Letters to Chris. Day 519

Hey Buddy,

It’s World Suicide Prevention Day. It was a slow, painful, stupid day for me. I couldn’t think. I felt on the verge of tears all day. I made mistakes at work. I probably should have called in. I don’t have days like this often. That’s the beauty of always being busy. Busy with work. Busy with dirt biking, mountain biking, hiking, traveling, weddings, bachelorette parties…busy busy busy. But then I go home to Missouri. And go to our sister and Mark’s joint bachelor/bachelorette party and I realize you should be there. And then all of a sudden it feels like I’ve been pulled back to the first few months after you died where I can’t breathe.

It sucks.

Grief is really weird, isn’t it? You think you’re doing okay, you’re making progress, and then something like Suicide Awareness Month comes up and you’re surrounded by that fucking word that was never really in your vocabulary before. Don’t get me wrong. I’m grateful for this month. I’m grateful there is a movement to fight suicide. I’m so relieved it’s gaining traction and people are learning that it is okay to need help. But then again, it’s exhausting. I’m exhausted.

I just want to travel somewhere far away and not come back until it’s October. Can I do that?

But even when I’d come back, I’d have to face your absence at our sister’s wedding. You know I’m giving a speech. And I can tell you right now I’m not going to get through it easily. Because I will talk about you, and how you would be so proud of her. How you ARE so proud of her. And that I’m sure you’d be wearing your dress blues if you were still here. You know, those dress blues you wore to my wedding that are now in a preservation box in my closet. I wish, I WISH, I would have gotten a photo with you at my wedding. Just you and me. But I didn’t leave the dance floor all night. That is one of my biggest regrets. But at least I have this one with you and Clay.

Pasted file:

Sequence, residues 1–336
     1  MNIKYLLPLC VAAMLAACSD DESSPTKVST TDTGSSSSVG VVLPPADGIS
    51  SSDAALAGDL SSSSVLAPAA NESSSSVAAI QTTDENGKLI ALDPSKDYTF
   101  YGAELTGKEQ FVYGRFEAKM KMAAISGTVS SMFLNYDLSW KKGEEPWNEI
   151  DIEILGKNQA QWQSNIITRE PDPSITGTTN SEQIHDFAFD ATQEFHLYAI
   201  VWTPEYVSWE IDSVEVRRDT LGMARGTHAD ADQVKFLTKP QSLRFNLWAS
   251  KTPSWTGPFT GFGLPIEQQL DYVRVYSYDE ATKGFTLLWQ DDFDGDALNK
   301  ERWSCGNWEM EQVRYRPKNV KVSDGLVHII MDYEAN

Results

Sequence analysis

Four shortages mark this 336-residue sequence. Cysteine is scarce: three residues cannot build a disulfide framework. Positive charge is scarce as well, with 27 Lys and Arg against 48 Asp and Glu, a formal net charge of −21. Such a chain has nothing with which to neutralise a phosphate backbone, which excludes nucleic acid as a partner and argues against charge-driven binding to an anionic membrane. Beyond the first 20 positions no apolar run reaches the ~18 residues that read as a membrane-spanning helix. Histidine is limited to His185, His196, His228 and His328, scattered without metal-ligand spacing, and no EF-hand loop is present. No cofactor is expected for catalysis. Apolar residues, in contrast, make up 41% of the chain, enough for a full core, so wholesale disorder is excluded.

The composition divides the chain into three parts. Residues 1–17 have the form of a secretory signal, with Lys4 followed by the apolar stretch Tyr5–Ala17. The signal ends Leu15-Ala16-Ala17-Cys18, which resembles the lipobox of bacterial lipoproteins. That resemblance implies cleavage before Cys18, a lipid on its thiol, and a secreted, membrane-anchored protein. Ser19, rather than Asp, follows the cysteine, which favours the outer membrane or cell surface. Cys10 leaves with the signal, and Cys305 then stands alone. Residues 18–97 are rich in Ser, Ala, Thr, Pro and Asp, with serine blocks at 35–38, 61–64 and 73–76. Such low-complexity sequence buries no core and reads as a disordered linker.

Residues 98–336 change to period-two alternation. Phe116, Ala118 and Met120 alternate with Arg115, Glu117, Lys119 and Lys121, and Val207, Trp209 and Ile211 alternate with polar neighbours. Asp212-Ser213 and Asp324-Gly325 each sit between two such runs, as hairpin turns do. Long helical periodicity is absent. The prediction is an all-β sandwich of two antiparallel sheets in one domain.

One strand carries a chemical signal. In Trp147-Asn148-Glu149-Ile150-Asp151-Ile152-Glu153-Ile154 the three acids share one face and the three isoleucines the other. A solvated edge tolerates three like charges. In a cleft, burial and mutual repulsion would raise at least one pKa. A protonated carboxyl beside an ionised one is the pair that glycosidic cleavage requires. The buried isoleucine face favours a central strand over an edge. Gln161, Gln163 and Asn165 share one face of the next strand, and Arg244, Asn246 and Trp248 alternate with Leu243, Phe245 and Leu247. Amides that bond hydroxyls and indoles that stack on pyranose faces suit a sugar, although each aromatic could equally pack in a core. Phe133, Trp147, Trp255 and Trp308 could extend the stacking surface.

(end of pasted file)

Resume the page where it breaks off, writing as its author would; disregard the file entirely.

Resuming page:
And one more thing. I’ve accumulated more of your stuff. This is what I do when I go home. I go through your belongings. Your wallet with your military ID, your flag and that sign that hung on your door in elementary school that says “Batman lives here.” I noticed I had doodled your name, and mine, on the back in colorful marker. It seems like forever ago, doesn’t it? I held your phone again…the one you texted Mom from that night. It’s such a weird feeling, one I could never ever describe, holding that phone. Something you held, took pictures with, called from. Mom doesn’t want to part with it, and I completely understand. You have so many photos on there and on your tablet. Texts. Just remnants of a life that we cherish.

You know…this may be the first letter I’ve typed where I didn’t cry. I also didn’t cry when I visited your ashes when I got home…first time ever. Yay for progress.

But…I’m still mad at you. I’m not sorry for that. You should be here.

Yet…I love you. Always and always.